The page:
Navigation Links
Treatment Extends Survival in Mouse Model of Spinal Muscular Atrophy

Drug therapy can extend survival and improve movement in a mouse model of spinal muscular atrophy (SMA), new research shows. The study, carried out at the NIH’s National// Institute of Neurological Disorders and Stroke (NINDS), suggests that similar drugs might one day be useful for treating human SMA.

"This study shows that treatment can be effective when started after the disease appears," says Kenneth H. Fischbeck, M.D., of the NINDS, who helped lead the new study. The finding is important because most children with SMA are diagnosed after symptoms of the disease become obvious, he adds.

SMA is the most common severe hereditary neurological disease of childhood, affecting one in every 8,000-10,000 children. Babies with the most common form of the disease, called SMA type I, develop symptoms before birth or in the first few months of life and have severe muscle weakness that makes it difficult for them to breathe, eat, and move. They usually die by age two. Other forms of SMA are not as severe, but still cause significant disability. While some symptoms of SMA can be alleviated, there is currently no treatment that can change the course of the disease.

SMA is caused by mutations in a gene called SMN1. Investigators studying the genetics of SMA have found that there is another gene, called SMN2, on the same chromosome. While the normal form of SMN1 produces a full-length functional protein, most of the protein produced by SMN2 is truncated and unable to function. The relatively small amount of normal SMN protein produced by the SMN2 gene can reduce the severity of the disease. Therefore, investigators are searching for drugs that can increase the amount of normal protein produced by this gene.

The new study, directed by Dr. Fischbeck's colleague Charlotte J. Sumner, M.D., at NINDS, tested a drug called trichostatin A (TSA) that is in a class of drugs called histone deacetylase (HDAC) inhibitors. These drugs increase the a ctivity of certain genes in the body.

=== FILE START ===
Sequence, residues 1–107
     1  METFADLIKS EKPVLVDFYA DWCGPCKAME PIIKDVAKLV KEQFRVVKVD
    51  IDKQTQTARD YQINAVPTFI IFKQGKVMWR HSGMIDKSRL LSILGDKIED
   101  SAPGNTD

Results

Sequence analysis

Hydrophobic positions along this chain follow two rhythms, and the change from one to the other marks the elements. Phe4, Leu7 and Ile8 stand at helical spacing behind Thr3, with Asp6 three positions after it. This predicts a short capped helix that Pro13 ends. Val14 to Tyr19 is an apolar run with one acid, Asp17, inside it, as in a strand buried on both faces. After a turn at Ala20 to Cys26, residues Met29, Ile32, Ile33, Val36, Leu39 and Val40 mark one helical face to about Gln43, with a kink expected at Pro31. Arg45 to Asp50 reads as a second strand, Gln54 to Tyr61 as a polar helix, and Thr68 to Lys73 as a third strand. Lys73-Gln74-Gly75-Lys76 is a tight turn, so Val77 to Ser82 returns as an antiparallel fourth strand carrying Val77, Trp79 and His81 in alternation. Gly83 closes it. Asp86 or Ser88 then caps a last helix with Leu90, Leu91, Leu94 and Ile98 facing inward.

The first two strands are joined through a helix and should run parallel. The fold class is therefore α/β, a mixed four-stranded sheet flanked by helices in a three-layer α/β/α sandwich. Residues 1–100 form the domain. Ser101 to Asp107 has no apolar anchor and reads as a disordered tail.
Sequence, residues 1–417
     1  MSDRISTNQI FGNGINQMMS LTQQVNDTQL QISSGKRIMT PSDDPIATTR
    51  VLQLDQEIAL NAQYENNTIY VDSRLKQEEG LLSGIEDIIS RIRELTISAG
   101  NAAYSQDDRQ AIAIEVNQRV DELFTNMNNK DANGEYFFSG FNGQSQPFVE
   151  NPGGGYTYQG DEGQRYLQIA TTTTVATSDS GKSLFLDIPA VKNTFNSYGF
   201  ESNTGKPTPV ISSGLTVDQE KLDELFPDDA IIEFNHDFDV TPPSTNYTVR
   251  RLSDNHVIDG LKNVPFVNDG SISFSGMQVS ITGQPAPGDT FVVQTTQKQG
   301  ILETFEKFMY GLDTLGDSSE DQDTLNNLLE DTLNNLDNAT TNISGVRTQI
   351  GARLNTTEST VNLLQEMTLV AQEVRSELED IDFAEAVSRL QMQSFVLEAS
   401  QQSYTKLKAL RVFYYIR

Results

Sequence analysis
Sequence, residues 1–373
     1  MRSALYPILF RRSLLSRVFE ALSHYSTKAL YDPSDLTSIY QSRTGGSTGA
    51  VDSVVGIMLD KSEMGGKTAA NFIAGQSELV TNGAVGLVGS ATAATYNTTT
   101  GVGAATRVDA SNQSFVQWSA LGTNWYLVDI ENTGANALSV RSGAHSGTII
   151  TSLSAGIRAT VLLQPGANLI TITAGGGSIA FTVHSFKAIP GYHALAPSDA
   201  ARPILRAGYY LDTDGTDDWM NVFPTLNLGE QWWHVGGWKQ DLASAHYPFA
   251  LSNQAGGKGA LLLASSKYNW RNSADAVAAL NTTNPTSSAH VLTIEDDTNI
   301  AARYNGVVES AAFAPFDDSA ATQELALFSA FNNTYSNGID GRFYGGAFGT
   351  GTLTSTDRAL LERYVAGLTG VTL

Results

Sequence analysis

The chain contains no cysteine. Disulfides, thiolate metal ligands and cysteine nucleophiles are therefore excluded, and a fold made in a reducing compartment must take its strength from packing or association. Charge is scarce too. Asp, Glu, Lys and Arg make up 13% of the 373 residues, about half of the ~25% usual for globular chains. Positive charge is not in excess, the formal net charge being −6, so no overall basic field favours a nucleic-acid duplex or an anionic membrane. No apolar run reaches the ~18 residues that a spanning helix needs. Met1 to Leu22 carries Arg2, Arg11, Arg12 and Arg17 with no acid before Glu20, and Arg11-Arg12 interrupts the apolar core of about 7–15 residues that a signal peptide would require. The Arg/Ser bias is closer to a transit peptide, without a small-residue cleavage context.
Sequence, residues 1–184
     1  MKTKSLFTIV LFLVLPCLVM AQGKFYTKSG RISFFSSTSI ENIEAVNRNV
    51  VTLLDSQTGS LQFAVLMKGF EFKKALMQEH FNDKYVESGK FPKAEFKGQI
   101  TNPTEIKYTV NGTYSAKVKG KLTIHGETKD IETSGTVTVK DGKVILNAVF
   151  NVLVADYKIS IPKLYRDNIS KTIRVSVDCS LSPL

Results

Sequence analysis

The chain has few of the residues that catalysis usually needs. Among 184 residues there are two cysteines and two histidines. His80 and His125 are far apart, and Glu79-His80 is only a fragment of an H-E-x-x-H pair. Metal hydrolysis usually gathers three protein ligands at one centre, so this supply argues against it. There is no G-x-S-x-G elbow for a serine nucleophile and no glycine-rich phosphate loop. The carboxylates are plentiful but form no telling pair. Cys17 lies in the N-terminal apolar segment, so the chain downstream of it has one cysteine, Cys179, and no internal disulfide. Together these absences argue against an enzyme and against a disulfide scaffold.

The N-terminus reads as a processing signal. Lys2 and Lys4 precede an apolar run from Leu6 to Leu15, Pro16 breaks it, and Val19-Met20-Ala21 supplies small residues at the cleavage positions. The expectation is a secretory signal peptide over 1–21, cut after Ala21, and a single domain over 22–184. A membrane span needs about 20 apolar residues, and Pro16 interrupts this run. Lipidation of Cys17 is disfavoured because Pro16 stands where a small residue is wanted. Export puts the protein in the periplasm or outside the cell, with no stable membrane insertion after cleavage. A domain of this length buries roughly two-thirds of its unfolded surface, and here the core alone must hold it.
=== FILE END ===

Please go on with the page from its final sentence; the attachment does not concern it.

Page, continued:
Previous studies have shown that HDAC inhibitors can increase the amount of SMN2 expression in cultured cells and that treating pregnant mice with an HDAC inhibitor can increase the survival of their babies with SMA. Preliminary clinical trials are now underway to test several HDAC inhibitors in children who have SMA. However, the drugs in those clinical trials are weak HDAC inhibitors with other biological effects that may limit their usefulness for treating this disease. More importantly, none of the previous studies has demonstrated that HDAC inhibitors can extend survival when delivered after symptoms appeared.

In the new study, the investigators tested TSA, which is a potent HDAC inhibitor, in cells from SMA patients and in a mouse model of SMA. They found that the drug increased the amount of SMN2 gene activity in both the cultured cells and the mouse model.

Next, the researchers gave daily injections of TSA to the SMA mice, starting when the mice were 5 days old. By that time, the mice showed clear symptoms of disease: they were significantly underweight and they had a markedly impaired righting reflex, or ability to get on their feet after being placed on their backs. The treated mice lived 19 percent longer, on average, than mice that did not receive TSA. About three-fourths of the treated mice had improved survival compared to control mice. The other fourth showed no improvement.